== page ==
- Finally, when we do our split, we’re going to sample those clusters, ensuring that everything comes back out with the expected distribution. So if we want an 80/20 split, for each cluster, we’ll take 5 examples and put 4 into the train set, 1 into the test set.
The Payoff from SmartSplit
Let’s dig in a little deeper and see the results. There are two primary benefits of using SmartSplit:
The first one, and the reason we started looking into this, is the notion of test variants. When you take one test set to evaluate a model, you’re getting a single measurement of that model’s theoretical distribution over all the documents that it see in production. Your model’s accuracy is actually more like a distribution, and you’re taking one measurement of its performance against its performance distribution with the test set. If we can reduce the variance of that curve, then we can ensure that we’re more accurately measuring that model’s true performance output.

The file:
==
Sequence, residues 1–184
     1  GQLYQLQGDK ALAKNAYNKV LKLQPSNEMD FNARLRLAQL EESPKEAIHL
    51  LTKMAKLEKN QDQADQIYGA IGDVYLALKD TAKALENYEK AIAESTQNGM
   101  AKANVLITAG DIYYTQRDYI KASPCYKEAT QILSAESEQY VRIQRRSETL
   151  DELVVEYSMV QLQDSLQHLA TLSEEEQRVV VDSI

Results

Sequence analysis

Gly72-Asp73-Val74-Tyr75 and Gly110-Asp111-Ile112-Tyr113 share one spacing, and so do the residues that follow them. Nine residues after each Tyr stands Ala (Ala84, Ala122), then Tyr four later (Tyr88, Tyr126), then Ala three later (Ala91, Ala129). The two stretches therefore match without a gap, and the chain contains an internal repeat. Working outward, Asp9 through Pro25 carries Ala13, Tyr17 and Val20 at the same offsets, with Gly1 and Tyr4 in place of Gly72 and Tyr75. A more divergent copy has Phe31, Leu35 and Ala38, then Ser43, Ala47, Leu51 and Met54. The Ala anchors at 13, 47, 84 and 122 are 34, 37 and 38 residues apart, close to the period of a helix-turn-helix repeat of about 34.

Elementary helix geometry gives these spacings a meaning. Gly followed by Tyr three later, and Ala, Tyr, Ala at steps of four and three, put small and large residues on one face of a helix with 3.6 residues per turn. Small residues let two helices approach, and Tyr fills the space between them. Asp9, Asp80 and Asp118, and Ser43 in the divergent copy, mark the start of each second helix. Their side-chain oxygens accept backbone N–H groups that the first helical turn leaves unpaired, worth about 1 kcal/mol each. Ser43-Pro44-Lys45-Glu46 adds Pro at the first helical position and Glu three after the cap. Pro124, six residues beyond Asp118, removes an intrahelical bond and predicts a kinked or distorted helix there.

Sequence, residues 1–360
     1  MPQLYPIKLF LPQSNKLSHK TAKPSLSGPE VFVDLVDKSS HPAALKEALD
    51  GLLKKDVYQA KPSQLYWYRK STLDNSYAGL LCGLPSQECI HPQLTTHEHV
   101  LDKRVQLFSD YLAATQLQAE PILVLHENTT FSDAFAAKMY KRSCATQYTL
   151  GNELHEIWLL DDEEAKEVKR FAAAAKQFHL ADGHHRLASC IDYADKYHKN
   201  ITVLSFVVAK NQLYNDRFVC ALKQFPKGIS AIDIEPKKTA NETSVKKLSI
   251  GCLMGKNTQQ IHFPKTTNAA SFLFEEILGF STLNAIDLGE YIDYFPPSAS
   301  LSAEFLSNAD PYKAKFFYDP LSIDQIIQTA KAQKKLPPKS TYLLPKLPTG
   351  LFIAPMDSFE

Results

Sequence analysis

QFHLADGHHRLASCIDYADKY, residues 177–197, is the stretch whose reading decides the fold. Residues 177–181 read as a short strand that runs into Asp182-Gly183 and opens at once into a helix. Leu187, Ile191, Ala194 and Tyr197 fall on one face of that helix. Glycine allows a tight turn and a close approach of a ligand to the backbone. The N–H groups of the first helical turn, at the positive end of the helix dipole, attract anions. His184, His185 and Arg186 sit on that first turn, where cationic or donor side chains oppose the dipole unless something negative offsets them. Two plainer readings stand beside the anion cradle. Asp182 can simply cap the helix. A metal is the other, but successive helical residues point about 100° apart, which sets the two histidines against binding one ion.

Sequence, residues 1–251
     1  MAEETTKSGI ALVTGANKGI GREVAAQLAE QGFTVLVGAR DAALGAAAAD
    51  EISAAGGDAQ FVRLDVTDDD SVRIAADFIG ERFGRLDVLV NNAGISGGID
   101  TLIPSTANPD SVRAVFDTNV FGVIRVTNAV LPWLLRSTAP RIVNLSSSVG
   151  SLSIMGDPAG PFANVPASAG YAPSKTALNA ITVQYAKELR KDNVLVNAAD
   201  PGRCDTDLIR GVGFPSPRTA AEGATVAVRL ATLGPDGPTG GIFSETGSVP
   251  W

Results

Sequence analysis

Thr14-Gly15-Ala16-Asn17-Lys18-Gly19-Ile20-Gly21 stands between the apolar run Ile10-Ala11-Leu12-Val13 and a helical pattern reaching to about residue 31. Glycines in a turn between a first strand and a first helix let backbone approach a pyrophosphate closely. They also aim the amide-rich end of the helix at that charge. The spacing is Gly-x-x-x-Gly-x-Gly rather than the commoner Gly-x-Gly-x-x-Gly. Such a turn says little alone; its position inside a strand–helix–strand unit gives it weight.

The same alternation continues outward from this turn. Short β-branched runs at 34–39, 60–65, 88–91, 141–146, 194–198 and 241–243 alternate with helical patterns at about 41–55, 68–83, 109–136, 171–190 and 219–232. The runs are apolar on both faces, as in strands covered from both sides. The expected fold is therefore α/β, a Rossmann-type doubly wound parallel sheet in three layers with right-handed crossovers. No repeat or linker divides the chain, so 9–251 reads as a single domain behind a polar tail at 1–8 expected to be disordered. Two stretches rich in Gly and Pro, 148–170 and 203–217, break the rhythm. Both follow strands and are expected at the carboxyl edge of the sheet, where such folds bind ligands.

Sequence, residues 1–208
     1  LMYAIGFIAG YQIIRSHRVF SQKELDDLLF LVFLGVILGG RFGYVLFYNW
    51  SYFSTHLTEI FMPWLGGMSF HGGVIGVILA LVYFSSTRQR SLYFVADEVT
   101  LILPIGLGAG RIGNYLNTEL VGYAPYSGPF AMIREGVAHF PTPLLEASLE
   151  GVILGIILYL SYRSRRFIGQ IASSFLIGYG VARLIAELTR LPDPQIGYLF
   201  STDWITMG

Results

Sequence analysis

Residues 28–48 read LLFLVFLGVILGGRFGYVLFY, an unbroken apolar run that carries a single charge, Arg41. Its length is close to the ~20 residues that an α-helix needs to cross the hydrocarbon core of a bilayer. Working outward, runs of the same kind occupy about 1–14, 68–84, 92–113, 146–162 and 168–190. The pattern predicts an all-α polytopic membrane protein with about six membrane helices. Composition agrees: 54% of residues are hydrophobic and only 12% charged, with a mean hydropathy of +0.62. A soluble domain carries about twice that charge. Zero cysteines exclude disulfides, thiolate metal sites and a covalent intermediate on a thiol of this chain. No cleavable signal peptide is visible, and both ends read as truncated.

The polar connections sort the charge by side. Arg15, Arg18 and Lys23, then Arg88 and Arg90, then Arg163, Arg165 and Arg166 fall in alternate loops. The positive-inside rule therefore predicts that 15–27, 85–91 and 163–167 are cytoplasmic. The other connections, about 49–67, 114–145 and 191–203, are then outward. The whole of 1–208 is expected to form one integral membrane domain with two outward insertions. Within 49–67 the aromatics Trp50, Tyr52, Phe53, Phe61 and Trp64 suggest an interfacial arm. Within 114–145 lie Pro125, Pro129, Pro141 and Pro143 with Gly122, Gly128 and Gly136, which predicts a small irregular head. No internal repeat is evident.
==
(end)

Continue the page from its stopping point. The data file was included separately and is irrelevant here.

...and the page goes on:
The additional piece here is that… How can we split the data such that the measurement we make on a model is more likely to reflect its performance in production, and thus avoid the traditional disappointment of watching a model that performs great in the lab fall flat the moment it hits production?
We’ve had some very encouraging success. Below, there are two graphs of different benchmarks we ran, each of which represents a different dataset and modeling problem. We ran the same problem, including random splits, on the left side and SmartSplits on the right side. In both cases, the SmartSplit distribution on the right side is narrower than the random split on the left. When we add up the numbers, we’re getting about a 3X reduction in variance with SmartSplit. That seems to hold up fairly well across datasets. We consider that a win!
Even More Payoff
It turns out that not only is the variance better, so are the models. If you look at the image below, not only is the distribution band much smaller for the split compared to the right, but the mean/median/average output of the model (represented by the red lines) are also higher. We’re getting an average of 15% reduction in model error, which we hypothesize has to do with the fact that the model is seeing accurate proportions of the different types of latent feature spaces available in the training data. And if that wasn’t enough, our models are achieving convergence faster too.
– Greg Harman, CTO (Adapted from Jaxon’s SmartSplit Webinar)